According to a new study, talking like a woman at online TED Talks leads to more views, highlighting the female language style as an "underappreciated but highly effective tool for social influence."

A joint study from the Universities of Zurich, Münster, Arizona, Texas, Lancaster, and Collegium Helveticum examines discrepancies in social evaluations in online and offline settings. Results of the international researcher are published in the journal PLOS ONE, December 16.

TED Conferences holds events where entrepreneurs, visionaries, artists, scientists, and academics share their insights about their respective fields. With the acronym standing for Technology, Entertainment, Design, its TED Talks topics have expanded past its Silicon Valley origins and cover cultural, humanitarian, and political topics aside from academic and technological talks.

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Analysis of TED Talks Linguistics

In the study, researchers gathered transcripts of various TED talks, including each video's number of views and the ratio of positive ratings against the negative. It allowed them to assess and assign scores to the TED speakers' languages. Researchers found that almost 70 percent of the TED speakers in the study spoke in a style matching their respective genders.

Explaining gender-based language, the study noted that men usually use abstract and analytical language while language styles commonly associated with women tend to be more narrative, personal, social, and emotional. Additionally, women were found to refer more to themselves and other people compared to their male counterparts.

The next step in the study is to analyze which style had more impact: the instrumental and complex language common in men, or the simpler and more engaging women-typical language.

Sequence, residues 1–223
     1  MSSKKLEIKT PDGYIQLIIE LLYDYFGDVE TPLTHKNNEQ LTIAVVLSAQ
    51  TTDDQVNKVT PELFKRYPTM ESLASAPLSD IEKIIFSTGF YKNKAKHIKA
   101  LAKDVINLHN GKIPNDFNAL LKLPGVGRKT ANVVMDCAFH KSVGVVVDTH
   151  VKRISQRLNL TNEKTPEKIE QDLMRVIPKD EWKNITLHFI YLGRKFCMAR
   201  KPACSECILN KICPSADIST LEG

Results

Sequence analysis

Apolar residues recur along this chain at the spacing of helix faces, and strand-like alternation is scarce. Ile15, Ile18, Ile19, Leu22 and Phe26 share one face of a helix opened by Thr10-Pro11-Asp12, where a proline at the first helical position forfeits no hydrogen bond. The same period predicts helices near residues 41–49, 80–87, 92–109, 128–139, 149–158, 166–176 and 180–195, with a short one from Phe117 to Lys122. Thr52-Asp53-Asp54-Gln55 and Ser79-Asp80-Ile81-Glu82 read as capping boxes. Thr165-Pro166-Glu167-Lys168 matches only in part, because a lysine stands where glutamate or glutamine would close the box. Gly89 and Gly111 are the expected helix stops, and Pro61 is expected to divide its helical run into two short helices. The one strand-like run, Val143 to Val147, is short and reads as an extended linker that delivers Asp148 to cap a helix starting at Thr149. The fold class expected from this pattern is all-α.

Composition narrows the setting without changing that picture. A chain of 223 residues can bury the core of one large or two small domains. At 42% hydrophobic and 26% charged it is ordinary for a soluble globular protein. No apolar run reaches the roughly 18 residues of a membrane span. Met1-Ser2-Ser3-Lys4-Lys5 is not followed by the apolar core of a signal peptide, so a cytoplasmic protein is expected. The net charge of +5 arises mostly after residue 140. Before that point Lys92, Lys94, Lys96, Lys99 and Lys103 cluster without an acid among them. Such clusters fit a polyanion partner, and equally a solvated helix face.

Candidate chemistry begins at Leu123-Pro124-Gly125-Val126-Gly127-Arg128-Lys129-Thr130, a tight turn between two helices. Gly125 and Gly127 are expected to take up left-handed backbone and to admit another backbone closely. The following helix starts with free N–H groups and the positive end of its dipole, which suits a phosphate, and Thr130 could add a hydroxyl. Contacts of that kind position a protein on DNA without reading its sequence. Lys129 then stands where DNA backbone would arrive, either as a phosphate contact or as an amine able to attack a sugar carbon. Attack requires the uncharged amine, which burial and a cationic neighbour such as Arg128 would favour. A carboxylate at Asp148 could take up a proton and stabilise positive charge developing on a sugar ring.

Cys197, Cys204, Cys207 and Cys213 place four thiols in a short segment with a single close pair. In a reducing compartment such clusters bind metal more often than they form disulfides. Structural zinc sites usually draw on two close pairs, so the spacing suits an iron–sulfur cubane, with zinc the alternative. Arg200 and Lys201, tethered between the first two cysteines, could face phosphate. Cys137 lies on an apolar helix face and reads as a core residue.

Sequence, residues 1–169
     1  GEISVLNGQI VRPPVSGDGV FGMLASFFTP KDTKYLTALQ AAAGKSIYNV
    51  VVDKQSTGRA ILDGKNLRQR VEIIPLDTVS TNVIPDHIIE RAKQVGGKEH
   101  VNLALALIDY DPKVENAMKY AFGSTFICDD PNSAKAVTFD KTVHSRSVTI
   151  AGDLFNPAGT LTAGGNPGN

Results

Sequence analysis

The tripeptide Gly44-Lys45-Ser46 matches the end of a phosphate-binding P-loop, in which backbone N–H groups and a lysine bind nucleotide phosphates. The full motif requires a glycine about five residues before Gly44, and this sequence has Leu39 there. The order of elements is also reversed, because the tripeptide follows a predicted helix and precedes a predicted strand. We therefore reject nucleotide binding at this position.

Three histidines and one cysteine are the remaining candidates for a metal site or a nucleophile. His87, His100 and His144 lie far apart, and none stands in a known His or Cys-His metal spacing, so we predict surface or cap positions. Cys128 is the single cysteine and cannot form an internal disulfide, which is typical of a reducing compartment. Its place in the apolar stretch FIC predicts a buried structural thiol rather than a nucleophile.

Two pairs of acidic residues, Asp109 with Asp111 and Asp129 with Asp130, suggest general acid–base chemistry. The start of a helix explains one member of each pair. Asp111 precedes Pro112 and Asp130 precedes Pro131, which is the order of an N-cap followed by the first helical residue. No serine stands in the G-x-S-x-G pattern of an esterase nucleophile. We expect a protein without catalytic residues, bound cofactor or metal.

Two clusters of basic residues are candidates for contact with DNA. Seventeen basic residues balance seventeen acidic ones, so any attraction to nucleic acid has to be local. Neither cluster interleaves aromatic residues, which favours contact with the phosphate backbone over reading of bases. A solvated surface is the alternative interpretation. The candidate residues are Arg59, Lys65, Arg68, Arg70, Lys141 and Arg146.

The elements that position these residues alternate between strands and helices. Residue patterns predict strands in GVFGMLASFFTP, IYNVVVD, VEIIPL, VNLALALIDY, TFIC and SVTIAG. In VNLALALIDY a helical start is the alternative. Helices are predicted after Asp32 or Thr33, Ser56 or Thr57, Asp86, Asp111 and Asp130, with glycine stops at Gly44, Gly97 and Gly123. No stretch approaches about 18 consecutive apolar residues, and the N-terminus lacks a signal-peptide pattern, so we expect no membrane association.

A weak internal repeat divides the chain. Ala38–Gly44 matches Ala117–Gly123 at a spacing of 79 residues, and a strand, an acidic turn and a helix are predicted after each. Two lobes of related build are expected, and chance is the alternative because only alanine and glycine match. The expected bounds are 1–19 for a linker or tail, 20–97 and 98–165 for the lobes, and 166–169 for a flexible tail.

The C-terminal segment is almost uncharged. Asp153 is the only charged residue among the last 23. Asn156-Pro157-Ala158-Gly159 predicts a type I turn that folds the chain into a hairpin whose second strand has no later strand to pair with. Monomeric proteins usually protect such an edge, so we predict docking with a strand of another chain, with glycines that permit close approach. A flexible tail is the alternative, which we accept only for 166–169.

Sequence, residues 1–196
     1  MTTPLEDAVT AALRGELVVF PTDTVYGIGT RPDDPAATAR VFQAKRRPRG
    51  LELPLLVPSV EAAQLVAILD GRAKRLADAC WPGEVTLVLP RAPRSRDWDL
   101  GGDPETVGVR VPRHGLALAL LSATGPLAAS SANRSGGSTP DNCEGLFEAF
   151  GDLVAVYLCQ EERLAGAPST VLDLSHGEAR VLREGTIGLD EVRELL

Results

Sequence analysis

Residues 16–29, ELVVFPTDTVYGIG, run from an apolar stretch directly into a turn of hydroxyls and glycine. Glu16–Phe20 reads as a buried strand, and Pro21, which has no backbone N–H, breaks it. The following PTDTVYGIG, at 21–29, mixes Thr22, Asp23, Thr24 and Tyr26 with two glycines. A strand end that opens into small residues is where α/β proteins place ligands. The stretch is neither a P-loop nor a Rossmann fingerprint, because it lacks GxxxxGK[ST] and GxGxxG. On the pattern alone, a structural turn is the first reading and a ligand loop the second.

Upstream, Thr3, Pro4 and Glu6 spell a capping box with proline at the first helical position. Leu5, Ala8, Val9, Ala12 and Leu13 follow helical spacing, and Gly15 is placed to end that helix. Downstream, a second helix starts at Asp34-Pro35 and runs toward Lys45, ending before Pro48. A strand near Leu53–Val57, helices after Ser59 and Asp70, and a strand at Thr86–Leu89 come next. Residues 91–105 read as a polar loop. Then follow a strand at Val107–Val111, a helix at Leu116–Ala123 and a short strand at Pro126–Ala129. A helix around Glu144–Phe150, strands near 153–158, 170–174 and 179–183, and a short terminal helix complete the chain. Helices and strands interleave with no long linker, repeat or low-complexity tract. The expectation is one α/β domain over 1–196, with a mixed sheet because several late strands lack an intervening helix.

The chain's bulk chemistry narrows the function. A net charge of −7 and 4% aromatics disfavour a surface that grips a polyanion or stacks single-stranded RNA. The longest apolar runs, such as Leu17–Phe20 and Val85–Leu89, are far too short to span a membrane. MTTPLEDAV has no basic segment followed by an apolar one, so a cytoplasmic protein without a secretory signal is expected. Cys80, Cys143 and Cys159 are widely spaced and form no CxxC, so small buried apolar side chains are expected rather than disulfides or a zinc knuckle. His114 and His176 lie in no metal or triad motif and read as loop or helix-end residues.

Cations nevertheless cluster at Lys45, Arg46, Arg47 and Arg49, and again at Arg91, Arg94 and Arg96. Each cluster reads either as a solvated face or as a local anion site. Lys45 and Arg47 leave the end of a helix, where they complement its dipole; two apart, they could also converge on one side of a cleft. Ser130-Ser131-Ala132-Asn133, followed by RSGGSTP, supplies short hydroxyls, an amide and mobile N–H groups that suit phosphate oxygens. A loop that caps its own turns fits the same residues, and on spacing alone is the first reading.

"Due to the well documented male advantage in social influence, we expected a general advantage of male-typical language style in terms of talk impact," explained Tabea Meier from the University of Zurich in a press release from Lancaster University. "We assumed that this might be the case for women in particular, namely that a male language style might help them overcome the ascribed lower status typically associated with their gender."

MEXICO CITY, MEXICO - NOVEMBER 17: Patricia Anaya talks during a TED talk as part of TEDxTlalpan - Awkward at UVM Campus Coyoacan on November 17, 2018 in Mexico City, Mexico.
(Photo : Photo by Manuel Velasquez/Getty Images) MEXICO CITY, MEXICO - NOVEMBER 17: Patricia Anaya talks during a TED talk as part of TEDxTlalpan - Awkward at UVM Campus Coyoacan on November 17, 2018 in Mexico City, Mexico.

Advantage of Female-Typical Language Styles

The results of the study, however, revealed the opposite as female language styles yielded a higher impact. "Most importantly, female-typical language was associated with more talk views irrespective of speaker's gender. Female-typical language thus conferred an advantage for male and female speakers alike in our sample," noted Lancaster University's Dr. Ryan Boyd. "In other words, behavior typically shown by women was associated with higher talk impact."

According to the researchers, the use of female-typical language styles in the most popular TED Talks related to more than 700,000 additional online views. The style of talking used also supported the types of reviews received by the video, for both positive and negative ratings. Female-typical language videos found more positive ratings relating to being "beautiful," "courageous," or "funny." Meanwhile, TED talks videos with male-typical language we found to have positive ratings of "ingenious," "informative," and "persuasive."

These observations, according to the researchers, fall in line with gender stereotypes - with women being warmer and more expressive, while men are perceived as being more matter-of-act people.

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